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Street harassment of young people ‘prevalent’ study shows

Pupils from three secondary schools encountered more than 100 incidents of street harassment in just two months, new research has shown.

Street harassment

As part of a pilot study, researchers at Nottingham Trent University wanted to investigate the extent to which 11-15 year-olds encountered harassment outside the school gates.

Street harassment – random incidents involving comments, gestures and behaviour which could be sexual, racial, homophobic or gender-related – is not officially recorded in crime statistics for children and there is very little research in this area.

Of the 118 incidents encountered, young people said adults – usually a stranger – were mostly responsible.

The most common type of harassment was verbal, which accounted for almost half (42%) of experiences – and included name-calling, being laughed at and talked about.

Non-verbal harassment – which included being beeped at with a car horn, being stared at and vehicles stopping or slowing down to watch young people – accounted for 28% of street harassment.

Almost a quarter of incidents (22%) said the behaviour they encountered was threatening, while eight percent of pupils said they had experienced all forms of street harassment.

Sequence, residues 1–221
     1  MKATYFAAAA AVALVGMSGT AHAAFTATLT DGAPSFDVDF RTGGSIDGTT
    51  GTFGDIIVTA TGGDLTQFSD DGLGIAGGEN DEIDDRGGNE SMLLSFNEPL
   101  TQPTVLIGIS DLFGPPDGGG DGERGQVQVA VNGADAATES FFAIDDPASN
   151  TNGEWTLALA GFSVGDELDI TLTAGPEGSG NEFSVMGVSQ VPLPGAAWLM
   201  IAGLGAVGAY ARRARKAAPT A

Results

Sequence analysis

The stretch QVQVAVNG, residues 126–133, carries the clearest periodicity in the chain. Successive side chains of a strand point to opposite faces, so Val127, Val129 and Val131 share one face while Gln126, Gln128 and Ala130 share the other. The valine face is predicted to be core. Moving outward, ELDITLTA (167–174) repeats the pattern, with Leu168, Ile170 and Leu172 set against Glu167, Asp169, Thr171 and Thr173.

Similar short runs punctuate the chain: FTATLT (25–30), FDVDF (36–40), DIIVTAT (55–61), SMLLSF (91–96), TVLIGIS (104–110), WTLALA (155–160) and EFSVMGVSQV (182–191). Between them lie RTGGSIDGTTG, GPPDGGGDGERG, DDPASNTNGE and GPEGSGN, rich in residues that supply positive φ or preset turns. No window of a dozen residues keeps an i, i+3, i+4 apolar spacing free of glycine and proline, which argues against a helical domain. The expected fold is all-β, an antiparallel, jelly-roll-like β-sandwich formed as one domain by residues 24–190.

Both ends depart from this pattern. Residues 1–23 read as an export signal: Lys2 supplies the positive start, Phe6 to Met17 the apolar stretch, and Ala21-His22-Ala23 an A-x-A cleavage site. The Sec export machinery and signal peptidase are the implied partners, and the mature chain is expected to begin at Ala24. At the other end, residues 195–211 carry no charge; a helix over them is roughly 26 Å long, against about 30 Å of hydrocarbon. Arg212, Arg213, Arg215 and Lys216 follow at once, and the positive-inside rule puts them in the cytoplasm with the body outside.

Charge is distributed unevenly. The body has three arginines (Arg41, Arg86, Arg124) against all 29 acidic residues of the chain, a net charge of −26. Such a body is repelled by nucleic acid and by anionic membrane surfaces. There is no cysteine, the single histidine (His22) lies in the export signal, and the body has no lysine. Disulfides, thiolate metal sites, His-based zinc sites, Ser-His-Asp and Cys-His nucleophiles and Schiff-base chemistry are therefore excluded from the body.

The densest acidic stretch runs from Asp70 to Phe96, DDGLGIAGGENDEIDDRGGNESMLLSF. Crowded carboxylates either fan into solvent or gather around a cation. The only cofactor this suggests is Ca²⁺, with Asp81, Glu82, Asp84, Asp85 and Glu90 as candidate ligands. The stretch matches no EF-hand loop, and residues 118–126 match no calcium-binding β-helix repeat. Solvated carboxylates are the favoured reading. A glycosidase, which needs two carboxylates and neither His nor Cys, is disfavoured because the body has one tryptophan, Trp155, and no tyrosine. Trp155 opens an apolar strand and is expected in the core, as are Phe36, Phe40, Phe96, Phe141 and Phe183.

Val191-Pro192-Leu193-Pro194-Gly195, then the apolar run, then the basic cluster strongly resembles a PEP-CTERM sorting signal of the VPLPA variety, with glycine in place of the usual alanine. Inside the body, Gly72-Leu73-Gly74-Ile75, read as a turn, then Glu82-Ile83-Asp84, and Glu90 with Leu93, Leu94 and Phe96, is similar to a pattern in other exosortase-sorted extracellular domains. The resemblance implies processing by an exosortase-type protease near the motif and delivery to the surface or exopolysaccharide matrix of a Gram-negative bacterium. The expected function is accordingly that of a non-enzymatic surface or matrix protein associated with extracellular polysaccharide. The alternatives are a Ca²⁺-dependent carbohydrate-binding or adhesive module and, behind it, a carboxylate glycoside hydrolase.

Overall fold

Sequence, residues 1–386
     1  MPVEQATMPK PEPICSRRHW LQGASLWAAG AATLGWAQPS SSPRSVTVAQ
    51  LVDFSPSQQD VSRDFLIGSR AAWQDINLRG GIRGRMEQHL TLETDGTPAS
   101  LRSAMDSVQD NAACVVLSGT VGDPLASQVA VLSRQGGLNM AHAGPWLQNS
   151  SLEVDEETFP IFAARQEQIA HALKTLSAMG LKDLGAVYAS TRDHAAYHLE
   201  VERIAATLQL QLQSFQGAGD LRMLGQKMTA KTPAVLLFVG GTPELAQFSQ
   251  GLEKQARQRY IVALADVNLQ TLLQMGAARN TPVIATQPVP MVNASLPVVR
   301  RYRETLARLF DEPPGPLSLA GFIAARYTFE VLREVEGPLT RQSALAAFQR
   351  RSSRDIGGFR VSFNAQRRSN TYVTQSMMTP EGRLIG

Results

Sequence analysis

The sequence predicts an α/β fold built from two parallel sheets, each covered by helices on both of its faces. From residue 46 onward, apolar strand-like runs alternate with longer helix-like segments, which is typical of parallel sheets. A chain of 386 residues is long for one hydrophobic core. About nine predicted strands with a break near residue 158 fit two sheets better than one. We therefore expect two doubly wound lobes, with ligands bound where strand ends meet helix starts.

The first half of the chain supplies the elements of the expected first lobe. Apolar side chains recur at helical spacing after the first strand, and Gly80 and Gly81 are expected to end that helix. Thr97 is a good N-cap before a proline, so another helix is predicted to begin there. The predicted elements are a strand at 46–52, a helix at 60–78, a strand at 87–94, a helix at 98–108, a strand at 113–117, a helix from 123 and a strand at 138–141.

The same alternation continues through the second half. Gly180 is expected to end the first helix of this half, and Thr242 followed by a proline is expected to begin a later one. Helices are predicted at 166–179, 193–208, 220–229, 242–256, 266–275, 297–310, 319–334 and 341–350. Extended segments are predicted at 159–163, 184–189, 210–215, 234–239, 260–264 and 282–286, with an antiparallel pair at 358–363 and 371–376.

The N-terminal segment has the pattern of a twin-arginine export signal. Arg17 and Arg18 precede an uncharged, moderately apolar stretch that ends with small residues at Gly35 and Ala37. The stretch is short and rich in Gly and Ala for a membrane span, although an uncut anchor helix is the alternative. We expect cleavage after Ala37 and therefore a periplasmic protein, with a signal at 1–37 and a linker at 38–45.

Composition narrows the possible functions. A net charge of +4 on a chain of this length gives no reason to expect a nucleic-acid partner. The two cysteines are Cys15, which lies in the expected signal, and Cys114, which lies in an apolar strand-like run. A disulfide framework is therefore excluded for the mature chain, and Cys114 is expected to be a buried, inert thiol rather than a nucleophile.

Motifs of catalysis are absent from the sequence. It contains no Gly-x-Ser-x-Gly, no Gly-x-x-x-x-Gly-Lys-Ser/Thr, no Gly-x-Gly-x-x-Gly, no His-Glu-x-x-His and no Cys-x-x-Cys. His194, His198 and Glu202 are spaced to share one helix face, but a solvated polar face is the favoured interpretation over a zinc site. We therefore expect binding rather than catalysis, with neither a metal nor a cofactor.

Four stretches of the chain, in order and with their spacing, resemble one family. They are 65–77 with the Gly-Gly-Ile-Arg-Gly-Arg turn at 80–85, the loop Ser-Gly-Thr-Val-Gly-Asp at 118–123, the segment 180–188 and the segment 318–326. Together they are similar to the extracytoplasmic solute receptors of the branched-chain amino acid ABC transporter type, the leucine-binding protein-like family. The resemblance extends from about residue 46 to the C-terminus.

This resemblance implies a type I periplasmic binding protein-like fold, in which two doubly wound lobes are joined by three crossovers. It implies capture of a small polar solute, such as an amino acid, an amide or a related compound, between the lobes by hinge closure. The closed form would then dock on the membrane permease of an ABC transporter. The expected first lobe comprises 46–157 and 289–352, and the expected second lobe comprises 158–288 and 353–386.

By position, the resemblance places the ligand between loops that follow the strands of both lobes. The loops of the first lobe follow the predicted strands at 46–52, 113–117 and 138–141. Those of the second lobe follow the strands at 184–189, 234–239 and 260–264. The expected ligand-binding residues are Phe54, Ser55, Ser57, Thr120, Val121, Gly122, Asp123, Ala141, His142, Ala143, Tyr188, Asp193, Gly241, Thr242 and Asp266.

Vehicles were frequently used to harass young people – with participants saying occupants also waved, pointed at or even videoed children. A small number said they were followed, cornered and chased.

Girls experienced most harassment, accounting for 58% of incidents, compared to males’ 37%.

The three schools were selected from very different social areas across the UK, illustrating that street harassment of young people spanned all locations.

Although most incidents were not physically violent, incidents of harassment left young people feeling confused and vulnerable, the researchers found.

The project brought together a psychologist, linguist, educationist, social worker and legal expert from the University's School of Social Sciences, School of Arts and Humanities and Nottingham Law School.

The research team has expertise in bullying, harassment and discrimination among schoolchildren, as well as how children use language to describe their feelings and experiences.